The UK based MyMiniFactory has unveiled a new range of BBC microbit 3D printed cased that can be created in less than 30 minutes, and are small enough to allow schools to load multiple STL’s file on to a 3D printer and print them out in batches.
There are two STL files available for the left side and right side and the case was designed support free making it easier for schools to 3D print them in their class rooms.
To re-cap the BBC will be providing every 11 or 12 year old child in year 7 or equivalent a BBC microbit pocket computer across the UK, for free. Programming the BBC microbit can be done either via a smartphone or a website.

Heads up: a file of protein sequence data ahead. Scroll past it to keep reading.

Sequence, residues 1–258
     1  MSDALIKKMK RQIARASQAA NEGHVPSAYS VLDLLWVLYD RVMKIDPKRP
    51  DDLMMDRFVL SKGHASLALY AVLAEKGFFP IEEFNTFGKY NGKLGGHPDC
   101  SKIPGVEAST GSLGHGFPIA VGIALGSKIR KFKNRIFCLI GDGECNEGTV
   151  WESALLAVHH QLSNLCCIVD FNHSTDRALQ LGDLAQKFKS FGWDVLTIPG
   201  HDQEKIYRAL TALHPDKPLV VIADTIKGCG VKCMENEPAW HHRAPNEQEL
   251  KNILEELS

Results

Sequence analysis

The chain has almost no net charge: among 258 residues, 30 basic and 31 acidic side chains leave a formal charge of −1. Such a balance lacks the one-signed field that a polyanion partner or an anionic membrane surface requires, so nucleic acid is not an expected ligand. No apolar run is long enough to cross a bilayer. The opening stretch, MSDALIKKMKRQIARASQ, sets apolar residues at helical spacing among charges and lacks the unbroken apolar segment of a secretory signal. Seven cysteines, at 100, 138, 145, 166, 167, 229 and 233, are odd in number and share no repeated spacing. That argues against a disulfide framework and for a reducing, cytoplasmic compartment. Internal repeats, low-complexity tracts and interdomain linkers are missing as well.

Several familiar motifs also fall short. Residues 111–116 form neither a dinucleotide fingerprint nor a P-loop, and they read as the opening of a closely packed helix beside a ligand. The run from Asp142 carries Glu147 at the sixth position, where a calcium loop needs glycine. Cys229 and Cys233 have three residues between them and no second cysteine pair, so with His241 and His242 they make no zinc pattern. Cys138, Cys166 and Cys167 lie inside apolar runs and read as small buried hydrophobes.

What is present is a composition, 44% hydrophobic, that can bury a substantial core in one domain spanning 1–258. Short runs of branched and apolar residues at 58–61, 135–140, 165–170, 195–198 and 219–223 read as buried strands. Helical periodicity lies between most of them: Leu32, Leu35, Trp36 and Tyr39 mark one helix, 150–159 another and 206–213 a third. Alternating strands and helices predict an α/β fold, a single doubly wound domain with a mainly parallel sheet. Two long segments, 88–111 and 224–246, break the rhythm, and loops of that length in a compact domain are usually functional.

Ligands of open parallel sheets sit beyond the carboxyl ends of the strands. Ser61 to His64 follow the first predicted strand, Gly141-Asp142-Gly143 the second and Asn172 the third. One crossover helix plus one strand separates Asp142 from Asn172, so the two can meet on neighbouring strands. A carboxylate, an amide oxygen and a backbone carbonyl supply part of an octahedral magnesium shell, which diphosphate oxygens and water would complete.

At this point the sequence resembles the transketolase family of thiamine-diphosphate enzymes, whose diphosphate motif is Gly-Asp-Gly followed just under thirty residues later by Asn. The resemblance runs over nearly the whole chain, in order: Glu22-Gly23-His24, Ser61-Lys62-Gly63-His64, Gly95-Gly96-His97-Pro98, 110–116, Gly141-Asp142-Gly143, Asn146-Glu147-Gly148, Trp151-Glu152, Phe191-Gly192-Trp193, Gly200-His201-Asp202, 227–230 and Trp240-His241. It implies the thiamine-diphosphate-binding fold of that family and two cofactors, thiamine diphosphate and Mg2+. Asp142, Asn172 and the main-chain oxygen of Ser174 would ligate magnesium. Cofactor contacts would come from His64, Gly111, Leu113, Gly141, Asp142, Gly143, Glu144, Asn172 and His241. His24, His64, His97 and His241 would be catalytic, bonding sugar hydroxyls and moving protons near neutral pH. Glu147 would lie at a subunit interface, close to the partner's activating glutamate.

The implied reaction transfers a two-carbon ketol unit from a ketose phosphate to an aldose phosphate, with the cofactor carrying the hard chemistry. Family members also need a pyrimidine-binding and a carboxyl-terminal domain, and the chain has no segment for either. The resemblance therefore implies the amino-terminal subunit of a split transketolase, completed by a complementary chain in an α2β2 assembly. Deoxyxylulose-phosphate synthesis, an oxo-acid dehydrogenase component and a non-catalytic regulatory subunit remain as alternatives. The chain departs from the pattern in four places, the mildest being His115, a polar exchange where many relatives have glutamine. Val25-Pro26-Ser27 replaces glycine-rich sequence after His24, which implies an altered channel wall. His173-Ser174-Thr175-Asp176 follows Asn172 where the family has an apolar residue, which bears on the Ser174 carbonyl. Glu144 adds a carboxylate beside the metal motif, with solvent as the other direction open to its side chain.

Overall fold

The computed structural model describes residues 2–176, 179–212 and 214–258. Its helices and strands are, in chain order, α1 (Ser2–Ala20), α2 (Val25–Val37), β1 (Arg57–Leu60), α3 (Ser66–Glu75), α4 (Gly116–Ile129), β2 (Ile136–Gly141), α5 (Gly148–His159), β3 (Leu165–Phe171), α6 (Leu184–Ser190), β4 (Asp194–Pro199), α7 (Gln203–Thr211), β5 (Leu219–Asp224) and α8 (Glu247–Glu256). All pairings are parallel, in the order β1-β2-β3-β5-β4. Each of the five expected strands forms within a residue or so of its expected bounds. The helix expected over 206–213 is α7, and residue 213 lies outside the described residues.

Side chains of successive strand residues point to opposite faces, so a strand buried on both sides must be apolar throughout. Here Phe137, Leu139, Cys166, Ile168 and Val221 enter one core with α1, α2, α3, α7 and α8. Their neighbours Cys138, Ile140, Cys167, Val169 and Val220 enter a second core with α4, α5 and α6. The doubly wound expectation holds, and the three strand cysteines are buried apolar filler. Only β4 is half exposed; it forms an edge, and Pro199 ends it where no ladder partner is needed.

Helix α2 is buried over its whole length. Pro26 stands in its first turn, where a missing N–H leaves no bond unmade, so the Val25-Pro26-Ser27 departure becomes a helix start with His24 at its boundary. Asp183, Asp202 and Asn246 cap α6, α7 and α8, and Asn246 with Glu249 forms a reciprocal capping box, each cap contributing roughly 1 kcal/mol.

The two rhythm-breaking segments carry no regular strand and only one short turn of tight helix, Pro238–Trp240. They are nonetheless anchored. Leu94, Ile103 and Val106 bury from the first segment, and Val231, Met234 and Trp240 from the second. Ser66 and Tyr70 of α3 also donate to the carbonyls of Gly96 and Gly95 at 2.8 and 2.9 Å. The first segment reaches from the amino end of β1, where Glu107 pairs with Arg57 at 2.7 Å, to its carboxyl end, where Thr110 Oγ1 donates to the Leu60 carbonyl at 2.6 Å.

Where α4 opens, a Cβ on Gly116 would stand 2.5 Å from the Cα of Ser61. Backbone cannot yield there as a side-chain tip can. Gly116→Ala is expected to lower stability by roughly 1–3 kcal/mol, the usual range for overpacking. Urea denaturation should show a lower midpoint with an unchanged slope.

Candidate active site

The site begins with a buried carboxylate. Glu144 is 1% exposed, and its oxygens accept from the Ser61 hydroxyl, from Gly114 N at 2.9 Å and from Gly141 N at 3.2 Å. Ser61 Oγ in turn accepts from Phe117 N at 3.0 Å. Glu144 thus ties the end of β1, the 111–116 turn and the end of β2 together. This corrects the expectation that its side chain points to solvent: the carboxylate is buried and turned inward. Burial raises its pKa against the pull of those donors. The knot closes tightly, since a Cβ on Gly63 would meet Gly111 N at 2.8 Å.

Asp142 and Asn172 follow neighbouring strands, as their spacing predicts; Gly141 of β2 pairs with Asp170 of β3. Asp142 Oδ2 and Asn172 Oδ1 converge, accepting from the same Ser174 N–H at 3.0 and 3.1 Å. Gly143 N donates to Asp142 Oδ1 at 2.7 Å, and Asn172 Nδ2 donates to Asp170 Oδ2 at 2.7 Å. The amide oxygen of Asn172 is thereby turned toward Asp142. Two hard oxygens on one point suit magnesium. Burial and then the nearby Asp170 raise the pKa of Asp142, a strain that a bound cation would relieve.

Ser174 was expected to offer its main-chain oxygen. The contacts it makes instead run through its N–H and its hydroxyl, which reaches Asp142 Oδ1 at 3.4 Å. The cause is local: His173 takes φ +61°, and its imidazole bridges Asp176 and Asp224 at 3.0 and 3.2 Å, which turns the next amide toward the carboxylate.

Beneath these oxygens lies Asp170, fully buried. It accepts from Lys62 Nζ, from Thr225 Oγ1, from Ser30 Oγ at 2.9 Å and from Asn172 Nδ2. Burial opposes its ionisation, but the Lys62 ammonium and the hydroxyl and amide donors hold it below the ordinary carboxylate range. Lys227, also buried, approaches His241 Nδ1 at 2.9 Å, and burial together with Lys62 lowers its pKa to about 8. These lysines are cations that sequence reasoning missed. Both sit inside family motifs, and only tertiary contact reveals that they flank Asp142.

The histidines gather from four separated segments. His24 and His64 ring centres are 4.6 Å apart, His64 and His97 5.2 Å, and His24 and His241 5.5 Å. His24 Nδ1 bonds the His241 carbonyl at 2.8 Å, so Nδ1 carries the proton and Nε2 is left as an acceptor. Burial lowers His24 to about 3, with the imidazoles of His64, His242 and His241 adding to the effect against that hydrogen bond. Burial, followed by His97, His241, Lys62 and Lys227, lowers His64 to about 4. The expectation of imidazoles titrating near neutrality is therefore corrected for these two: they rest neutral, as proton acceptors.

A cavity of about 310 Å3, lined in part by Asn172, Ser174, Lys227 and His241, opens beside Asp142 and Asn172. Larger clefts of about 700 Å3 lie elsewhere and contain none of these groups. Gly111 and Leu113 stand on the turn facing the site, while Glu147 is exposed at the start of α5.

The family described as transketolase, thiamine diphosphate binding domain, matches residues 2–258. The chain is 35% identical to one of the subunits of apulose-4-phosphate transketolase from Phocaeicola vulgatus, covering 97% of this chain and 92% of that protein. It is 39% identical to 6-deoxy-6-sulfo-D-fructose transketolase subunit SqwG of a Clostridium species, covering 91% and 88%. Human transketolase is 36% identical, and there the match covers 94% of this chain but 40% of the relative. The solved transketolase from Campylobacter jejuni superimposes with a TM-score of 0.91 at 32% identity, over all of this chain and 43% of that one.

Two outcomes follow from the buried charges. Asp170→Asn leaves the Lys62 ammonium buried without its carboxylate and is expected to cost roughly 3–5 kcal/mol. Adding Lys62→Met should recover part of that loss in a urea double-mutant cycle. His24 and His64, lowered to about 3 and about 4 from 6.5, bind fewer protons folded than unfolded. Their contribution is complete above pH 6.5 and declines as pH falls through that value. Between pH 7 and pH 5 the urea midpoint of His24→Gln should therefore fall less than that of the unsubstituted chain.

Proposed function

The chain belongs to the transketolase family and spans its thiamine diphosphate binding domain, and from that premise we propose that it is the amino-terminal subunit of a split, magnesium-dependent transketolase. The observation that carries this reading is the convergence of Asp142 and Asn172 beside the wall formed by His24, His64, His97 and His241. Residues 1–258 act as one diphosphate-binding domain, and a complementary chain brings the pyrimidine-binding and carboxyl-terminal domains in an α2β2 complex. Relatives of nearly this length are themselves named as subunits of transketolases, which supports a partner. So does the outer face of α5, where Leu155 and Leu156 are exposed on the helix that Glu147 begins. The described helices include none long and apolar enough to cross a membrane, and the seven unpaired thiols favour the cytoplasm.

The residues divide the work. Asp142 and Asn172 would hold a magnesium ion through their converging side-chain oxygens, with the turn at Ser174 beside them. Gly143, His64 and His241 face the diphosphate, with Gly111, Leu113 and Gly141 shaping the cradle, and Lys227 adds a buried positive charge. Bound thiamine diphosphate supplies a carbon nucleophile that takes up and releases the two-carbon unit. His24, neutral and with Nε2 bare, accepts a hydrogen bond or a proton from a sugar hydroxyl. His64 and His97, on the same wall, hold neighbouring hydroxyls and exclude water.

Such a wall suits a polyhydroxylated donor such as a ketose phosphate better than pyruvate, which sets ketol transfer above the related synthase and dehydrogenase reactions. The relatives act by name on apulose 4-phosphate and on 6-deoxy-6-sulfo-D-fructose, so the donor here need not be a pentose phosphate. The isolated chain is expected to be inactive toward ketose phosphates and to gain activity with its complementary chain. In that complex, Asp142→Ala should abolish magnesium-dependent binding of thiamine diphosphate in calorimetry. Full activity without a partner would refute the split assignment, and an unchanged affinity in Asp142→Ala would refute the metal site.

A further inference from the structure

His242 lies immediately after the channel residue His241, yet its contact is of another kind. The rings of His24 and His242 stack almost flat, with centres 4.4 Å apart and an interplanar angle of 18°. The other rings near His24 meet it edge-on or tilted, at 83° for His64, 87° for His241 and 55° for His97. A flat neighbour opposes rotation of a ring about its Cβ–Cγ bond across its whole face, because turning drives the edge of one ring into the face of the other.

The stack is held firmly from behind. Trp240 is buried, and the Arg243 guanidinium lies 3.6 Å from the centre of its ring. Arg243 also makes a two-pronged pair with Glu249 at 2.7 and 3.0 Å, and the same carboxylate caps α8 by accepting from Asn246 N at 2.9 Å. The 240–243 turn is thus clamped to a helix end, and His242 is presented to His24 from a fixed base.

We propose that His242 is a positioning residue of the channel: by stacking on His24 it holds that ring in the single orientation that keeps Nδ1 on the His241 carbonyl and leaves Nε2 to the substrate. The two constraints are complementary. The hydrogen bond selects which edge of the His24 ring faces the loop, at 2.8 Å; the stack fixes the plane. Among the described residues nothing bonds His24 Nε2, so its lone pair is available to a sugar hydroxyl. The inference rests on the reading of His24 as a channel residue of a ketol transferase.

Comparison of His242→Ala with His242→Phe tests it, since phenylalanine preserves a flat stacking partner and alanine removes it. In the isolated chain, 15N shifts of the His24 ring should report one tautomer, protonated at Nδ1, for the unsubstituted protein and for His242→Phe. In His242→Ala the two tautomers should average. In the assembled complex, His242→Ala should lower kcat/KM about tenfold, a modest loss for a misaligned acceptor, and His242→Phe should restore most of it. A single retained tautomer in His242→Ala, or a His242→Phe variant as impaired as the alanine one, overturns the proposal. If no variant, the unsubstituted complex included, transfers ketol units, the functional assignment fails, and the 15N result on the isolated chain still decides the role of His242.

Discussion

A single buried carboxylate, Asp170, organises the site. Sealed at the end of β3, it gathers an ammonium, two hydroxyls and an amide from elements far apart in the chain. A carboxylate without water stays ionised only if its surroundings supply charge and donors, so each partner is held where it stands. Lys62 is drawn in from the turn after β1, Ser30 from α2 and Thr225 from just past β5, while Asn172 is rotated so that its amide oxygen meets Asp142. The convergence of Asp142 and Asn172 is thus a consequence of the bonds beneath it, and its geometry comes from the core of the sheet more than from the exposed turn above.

The BBC and partners unveiled the BBC micro:bit – a pocket-sized, codeable computer that allows children to get creative with technology. In the BBC’s most ambitious education initiative for 30 years, up to 1 million devices will be given to every 11 or 12 year old child in year 7 or equivalent across the UK, for free.
MyMiniFactory will be showcasing how 3D printing and open source design can be used to create objects that can be combined with the micro:bit to innovate and make new products. We will be hosting versions of a case for the micro:bit on our platform that students will be able to print themselves in the classroom. We will also be hosting competitions and campaigns encouraging school kids to engage with CAD software and 3D printing.
Watch the video below to learn more about the BBC microbit computer unveiled yesterday.
Source: 3DPIFiled Under: Hardware, Top News